Crossroads theme: human affairs

Man has been given to understand

that he lives only by grace of those in power.

Let him therefore busy himself sipping coffee, catching butterflies.

Who cares for the Republic will have his right hand cut off.

— Czelaw Milosz Crossroads theme: meetings at the crossroads

When I see the heavens,

the work of Your hands,

the moon and the stars which You arranged,

what is man that You should keep him in mind,

mortal man that You care for him?

Yet You have made him little less that a god,

with glory and honour You crowned him,

gave him power over the works of Your hand,

put all things under his feet.

—Psalm 8 Crossroads theme: Memory and identity

Wherefore those many lights

That boundless atmosphere,

And infinite calm sky?

And what the meaning of this vast solitude?

And what am I?

—Giacomo Leopardi Crossroads theme: Beauty will save the world

The fairest thing we can experience is the mysterious.

It is the fundamental emotion which stands

At the cradle of true art and true science.

—Albert Einstein

A new education

What is at the origin of every human action? It is attraction

Ultimately, all that we do and desire originates in the appeal that the world has for us, which touches us before we take even one step. In fact, our personalities are formed in response to this attraction.

It is the presumption of old age that reality is shaped by our ideas. The experience of the child is wonder in front of something that is completely given, always new, unexpected, and appealing. Life is either the continuous, exciting discovery of something that was unknown, or it is an inevitable slide into boredom. In fact, what is most attractive about the world is that, in its given-ness, it always points beyond itself to something other, still unseen, secret and mysterious. Accordingly, to live is to walk following the mysterious call of reality: homo viator. The explorer, not the "expert," is the paradigm of humanity.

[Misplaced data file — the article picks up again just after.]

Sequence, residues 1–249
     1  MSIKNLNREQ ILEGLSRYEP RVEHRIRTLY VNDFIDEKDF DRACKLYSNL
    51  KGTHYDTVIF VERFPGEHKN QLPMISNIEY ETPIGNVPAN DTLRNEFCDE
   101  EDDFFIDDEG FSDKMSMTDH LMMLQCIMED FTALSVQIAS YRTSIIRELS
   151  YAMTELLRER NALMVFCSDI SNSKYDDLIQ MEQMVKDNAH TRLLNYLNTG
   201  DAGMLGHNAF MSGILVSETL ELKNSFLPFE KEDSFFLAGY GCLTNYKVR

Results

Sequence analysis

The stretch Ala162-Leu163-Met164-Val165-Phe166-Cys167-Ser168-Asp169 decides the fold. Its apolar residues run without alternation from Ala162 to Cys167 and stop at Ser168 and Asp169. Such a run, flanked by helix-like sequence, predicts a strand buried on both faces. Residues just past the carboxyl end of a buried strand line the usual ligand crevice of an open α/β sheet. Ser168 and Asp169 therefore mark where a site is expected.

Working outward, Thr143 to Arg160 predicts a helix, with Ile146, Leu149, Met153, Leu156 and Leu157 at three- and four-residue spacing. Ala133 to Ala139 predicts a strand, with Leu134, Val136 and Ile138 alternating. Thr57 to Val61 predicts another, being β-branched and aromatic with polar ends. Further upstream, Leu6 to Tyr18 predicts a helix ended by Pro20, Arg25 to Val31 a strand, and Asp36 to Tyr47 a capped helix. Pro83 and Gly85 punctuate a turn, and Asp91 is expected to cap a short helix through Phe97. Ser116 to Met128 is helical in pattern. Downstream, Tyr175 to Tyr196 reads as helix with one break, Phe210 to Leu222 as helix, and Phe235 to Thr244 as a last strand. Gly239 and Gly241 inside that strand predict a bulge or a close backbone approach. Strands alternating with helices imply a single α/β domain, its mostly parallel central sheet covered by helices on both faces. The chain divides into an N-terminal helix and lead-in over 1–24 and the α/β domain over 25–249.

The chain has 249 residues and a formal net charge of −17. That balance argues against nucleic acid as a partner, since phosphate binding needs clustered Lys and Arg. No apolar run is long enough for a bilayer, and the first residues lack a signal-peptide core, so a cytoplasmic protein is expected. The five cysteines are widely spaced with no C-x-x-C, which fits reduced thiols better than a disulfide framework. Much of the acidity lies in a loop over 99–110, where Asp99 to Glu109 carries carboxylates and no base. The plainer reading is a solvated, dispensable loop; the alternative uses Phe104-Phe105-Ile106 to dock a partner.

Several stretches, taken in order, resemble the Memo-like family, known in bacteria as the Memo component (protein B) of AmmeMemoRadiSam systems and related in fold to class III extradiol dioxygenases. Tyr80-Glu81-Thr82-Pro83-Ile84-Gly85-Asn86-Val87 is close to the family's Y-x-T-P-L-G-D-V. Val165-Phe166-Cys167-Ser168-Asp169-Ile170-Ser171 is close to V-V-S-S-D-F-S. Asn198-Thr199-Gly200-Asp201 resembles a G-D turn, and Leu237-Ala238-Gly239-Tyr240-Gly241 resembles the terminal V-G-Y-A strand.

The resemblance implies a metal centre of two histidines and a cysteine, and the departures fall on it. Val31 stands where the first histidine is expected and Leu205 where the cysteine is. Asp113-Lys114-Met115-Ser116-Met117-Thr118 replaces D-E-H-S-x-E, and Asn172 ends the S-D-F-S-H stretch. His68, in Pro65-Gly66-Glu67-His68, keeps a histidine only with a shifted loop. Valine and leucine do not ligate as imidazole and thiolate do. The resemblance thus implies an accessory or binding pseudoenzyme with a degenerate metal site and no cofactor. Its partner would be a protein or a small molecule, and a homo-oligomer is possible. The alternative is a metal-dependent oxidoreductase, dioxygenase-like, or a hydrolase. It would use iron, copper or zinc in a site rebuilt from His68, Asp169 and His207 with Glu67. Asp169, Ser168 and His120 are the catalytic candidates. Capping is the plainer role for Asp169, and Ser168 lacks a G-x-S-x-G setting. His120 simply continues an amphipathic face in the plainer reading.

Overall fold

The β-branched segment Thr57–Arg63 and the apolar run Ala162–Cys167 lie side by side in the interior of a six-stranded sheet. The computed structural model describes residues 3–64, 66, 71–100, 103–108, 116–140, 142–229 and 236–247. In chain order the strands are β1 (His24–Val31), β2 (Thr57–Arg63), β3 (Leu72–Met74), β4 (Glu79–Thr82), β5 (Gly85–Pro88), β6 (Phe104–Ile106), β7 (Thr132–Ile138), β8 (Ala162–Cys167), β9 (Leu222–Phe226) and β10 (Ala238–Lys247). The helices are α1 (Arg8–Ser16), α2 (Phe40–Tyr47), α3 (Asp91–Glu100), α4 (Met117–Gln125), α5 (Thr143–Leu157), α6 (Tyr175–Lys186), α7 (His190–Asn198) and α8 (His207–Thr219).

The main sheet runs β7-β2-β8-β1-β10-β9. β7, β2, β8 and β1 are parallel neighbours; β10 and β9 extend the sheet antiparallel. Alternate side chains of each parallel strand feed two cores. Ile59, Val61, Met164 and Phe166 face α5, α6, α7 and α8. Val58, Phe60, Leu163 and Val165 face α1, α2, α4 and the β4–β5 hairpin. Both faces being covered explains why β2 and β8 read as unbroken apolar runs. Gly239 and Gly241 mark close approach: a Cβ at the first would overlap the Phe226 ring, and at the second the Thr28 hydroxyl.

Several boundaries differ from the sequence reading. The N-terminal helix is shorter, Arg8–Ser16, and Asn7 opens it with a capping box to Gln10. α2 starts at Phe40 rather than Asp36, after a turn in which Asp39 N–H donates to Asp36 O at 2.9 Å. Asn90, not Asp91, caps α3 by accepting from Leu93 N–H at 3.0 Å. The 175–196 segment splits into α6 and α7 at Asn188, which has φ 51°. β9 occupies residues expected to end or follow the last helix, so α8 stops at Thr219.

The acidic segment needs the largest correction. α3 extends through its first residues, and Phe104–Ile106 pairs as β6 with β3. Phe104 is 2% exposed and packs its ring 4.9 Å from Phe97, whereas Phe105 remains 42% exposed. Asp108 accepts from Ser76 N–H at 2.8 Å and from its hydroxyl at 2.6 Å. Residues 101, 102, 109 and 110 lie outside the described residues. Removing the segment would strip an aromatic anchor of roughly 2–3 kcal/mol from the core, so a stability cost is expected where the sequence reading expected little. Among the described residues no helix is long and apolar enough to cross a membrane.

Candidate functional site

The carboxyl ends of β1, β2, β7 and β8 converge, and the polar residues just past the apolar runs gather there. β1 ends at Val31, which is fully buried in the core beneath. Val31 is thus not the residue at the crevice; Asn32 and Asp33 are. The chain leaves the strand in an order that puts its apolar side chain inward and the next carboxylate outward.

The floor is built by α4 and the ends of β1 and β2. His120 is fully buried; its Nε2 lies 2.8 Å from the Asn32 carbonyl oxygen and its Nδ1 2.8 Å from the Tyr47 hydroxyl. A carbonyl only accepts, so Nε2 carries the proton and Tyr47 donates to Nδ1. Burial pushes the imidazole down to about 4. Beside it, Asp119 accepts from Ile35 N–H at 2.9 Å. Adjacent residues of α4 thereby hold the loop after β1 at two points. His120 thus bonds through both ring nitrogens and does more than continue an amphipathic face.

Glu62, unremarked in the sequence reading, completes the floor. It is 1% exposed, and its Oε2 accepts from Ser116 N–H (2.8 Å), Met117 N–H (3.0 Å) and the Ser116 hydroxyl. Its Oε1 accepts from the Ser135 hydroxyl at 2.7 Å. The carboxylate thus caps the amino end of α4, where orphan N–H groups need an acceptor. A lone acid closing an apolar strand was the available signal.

To return to this original position is the only way to begin anew and to experience culture in its fullest sense: the free development of our human capacity for knowing and interpreting everything that exists. Otherwise, we are doomed to fall into the trap of ideology.

Paradoxically, few periods in history have been as aware of "cultural" issues as we are today. We go to great lengths to catalogue, analyze, preserve, and restore the most obscure expressions of human experience. At the same time, few ages in history have been as unable to "cultivate" humanity as we are. At our core, we are nagged by doubt about the status of our own humanity, after successive waves of rationalist ideology have attempted to reduce or deny the innate and mysterious thirst for meaning that marks us. If the ultimate value of the human experience is in doubt, what space is left for culture? Are we not justified in suspecting, with Nietzsche, that the antiquarian and technical expertise of our time conceals a grave sterility? And what is at the root of this sterility if not an insecurity about our own value and the very positivity of being? If this is the case, we should not waste time in rear-guard battles against the senile follies of modernity and its conflicting ideologies.

The impetus for the work of Crossroads is the perception that we are in need of a new education, a fresh start. A fresh start is not a matter of a new "idea;" it is a matter of being faithful to our most original experience - "reality precedes us and it is positive" - and to what we already are: "a relationship with."